Sep 10 – 12, 2012
Krakow, Poland
Europe/Zurich timezone

Implications of LHC results for TeV-scale physics: signals of electroweak symmetry breaking

Not scheduled
Krakow, Poland

Krakow, Poland

Description

The recent discovery of a Higgs-like state at the LHC with a mass near 125 GeV has opened a new era of particle physics. It will be of utmost impor- tance to precisely determine the properties of this new state, with the aim to identify the mechanism of electroweak symmetry breaking (EWSB). This will require a comprehensive programme of high-precision measurements. Fur- ther measurements are also important in this context, in particular searches for manifestations of extended Higgs sectors, searches for new particles, and an improvement of electroweak precision measurements such as the mass of the top quark and the W boson as well as the effective weak leptonic mixing an- gle and triple gauge couplings. Finally the study of longitudinal vector boson scattering up to the highest energy scales is one of the key methods to discrim- inate between models and to reveal the nature of the symmetry breaking. The current experimental status of exploring the physics of electroweak symmetry breaking is briefly summarised, based on the results achieved at the LHC and elsewhere. The implications of the present and possible future results from the LHC for the physics programme of proposed future colliders are discussed.

Primary authors

Andreas Weiler (Deutsches Elektronen-Synchrotron (DE)) Chiara Mariotti (INFN (IT) and CERN) Georg Ralf Weiglein (Deutsches Elektronen-Synchrotron (DE)) Marumi Kado (Universite de Paris-Sud 11 (FR)) Sven Heinemeyer (CSIC (Santander, ES))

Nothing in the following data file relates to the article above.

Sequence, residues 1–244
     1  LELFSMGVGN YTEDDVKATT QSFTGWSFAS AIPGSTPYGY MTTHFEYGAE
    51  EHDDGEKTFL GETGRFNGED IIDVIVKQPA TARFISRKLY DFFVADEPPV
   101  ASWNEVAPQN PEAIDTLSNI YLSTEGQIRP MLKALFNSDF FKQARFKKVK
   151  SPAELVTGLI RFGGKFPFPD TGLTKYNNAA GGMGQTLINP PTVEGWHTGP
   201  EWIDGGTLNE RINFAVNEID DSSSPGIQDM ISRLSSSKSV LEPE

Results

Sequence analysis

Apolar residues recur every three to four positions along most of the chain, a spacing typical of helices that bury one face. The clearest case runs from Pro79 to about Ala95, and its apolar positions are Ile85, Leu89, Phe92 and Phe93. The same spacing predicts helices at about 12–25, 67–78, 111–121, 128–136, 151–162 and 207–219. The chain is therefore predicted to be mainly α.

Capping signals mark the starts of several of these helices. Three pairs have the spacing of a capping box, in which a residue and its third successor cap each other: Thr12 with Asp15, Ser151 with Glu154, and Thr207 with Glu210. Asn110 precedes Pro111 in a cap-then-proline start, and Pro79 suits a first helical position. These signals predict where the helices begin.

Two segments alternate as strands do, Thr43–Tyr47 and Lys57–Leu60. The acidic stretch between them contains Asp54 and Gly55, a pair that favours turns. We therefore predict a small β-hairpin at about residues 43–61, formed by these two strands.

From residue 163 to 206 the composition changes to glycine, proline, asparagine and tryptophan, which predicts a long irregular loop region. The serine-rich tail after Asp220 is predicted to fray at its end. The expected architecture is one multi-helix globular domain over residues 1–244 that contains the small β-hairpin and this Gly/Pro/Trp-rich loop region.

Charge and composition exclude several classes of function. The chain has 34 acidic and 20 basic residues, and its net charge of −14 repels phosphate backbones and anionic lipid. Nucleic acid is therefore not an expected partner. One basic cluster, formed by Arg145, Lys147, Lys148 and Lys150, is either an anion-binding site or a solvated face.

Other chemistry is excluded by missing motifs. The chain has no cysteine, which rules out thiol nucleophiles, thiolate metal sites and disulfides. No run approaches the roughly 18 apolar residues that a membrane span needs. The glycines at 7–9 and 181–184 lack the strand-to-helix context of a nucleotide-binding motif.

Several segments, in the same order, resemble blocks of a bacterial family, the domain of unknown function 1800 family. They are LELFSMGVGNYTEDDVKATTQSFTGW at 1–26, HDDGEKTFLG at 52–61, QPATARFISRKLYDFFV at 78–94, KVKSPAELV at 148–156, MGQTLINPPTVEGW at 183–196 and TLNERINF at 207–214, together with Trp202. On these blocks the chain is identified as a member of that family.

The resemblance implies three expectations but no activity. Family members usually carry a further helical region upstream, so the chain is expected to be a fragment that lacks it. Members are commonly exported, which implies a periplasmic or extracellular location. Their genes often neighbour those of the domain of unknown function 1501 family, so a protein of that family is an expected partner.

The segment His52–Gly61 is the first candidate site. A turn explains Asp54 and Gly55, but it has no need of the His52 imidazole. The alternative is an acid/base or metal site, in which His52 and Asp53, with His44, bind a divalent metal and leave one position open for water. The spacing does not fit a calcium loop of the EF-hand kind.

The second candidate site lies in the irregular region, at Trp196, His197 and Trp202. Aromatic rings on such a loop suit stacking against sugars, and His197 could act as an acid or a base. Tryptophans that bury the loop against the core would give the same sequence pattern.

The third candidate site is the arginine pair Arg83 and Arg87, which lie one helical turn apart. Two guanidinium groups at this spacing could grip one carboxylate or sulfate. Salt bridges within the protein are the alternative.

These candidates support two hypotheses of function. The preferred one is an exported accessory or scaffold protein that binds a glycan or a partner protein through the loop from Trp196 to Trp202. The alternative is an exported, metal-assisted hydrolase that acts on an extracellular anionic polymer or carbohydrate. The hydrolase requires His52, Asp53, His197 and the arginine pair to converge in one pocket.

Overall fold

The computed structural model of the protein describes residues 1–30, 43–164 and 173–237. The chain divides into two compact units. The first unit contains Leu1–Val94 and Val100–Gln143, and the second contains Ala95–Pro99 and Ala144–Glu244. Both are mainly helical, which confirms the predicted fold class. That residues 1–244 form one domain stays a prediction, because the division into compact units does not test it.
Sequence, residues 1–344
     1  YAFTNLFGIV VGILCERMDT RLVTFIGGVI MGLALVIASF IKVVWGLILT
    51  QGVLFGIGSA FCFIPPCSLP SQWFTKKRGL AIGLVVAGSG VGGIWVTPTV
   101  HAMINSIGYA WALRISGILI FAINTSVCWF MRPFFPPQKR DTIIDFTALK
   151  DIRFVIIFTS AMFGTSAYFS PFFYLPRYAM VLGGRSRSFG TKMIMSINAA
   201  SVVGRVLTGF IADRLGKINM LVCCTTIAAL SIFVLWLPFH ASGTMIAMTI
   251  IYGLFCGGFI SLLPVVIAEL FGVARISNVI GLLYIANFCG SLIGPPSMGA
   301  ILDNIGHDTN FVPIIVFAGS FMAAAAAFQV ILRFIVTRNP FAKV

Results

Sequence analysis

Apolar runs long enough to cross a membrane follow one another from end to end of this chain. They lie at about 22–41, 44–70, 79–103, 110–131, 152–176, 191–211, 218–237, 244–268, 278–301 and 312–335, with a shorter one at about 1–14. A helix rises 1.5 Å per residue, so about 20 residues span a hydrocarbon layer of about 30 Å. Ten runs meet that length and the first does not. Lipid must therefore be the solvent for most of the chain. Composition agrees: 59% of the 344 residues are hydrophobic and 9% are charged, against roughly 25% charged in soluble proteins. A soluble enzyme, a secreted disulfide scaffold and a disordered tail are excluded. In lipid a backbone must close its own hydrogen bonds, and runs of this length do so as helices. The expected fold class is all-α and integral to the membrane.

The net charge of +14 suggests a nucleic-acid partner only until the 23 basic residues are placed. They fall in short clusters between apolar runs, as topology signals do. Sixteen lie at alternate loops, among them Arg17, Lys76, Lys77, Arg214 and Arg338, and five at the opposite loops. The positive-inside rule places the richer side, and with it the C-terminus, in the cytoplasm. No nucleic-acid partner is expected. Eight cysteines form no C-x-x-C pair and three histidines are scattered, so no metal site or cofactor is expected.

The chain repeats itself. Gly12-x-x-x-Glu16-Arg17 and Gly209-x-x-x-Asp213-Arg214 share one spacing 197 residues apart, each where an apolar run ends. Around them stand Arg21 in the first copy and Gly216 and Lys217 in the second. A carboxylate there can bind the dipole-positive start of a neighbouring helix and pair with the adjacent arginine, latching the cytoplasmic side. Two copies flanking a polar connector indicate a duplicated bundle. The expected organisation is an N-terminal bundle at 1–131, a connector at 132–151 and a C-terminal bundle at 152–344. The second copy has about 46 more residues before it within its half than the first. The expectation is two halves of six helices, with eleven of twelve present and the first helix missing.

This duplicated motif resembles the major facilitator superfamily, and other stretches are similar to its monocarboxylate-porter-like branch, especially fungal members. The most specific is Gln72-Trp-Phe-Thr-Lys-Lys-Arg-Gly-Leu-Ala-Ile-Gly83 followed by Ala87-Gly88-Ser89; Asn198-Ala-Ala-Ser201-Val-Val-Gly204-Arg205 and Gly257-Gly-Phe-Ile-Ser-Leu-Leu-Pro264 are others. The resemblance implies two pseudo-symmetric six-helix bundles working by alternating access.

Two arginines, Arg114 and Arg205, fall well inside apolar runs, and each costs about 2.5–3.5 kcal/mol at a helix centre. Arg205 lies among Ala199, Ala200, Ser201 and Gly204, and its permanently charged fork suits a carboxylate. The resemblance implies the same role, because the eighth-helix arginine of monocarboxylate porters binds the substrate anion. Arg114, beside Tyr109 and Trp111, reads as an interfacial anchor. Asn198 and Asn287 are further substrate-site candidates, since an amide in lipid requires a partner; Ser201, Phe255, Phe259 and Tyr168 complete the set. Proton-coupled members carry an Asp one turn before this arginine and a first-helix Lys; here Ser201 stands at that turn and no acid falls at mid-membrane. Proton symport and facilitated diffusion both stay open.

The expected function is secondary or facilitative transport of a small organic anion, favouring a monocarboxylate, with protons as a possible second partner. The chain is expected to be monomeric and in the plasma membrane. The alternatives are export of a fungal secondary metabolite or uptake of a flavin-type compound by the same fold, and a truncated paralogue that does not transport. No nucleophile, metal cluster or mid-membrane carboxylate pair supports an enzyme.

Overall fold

Co-authors

A. David (LIP Laboratorio de Instrumentacao e Fisica Experimental de Part) Albert De Roeck (CERN) Alessandro Mario Ballestrero (Universita e INFN (IT)) Alexander Lincoln Read (EPF group-Department of Physics-University of Oslo) Alexandre Arbey (Lyon U.) Barbara Mele (Universita e INFN, Roma I (IT)) Bill Murray (STFC - Science & Technology Facilities Council (GB)) Brando Bellazzini (Universita' di Padova) Christoph Paus (Massachusetts Inst. of Technology (US)) Christophe Grojean (CERN) Eilam Gross (Weizmann Institute of Science (IL)) Elisabetta Furlan (B) Emidio Gabrielli (Helsinki Institute of Physics HIP) Ezio Maina (Universita e INFN (IT)) Giovanni Petrucciani (Univ. of California San Diego (US)) Gudrid Moortgat-Pick (University of Hamburg) Jack Gunion (University of California Davis (US)) Johan Rathsman (Uppsala University) Mr Jose Cembranos (Univ. Complutense de Madrid) Prof. Juergen Reuter (University of Freiburg) Karl Jakobs (Albert-Ludwigs-Universitaet Freiburg (DE)) Marcello Mannelli (CERN) Marco Zanetti (Massachusetts Inst. of Technology (US)) Maria Krawczyk (Warsaw University of Technology) Markus Schumacher (Physikalisches Institut-Albert-Ludwigs-Universitaet Freiburg-Unk) Marta Felcini (IFCA - CSIC) Dr Martti Raidal (Nat. Inst. of Chem.Phys. & Biophys. (EE)) Michael Duehrssen-Debling (CERN) Michael Kobel (Technische Universitaet Dresden (DE)) Michelangelo Mangano (CERN) Nazila Mahmoudi (CERN) Nikolaos Rompotis (University of Washington (US)) Mr Oscar Stål (Uppsala University) Philipp Anger (Technische Universitaet Dresden (DE)) Sabine Kraml (Centre National de la Recherche Scientifique (FR)) Sara Bolognesi (Johns Hopkins University (US)) Ulrich Ellwanger (University Paris 11) Ulrike Schnoor (Technische Universitaet Dresden (DE)) Veronica Sanz Gonzalez (Y)

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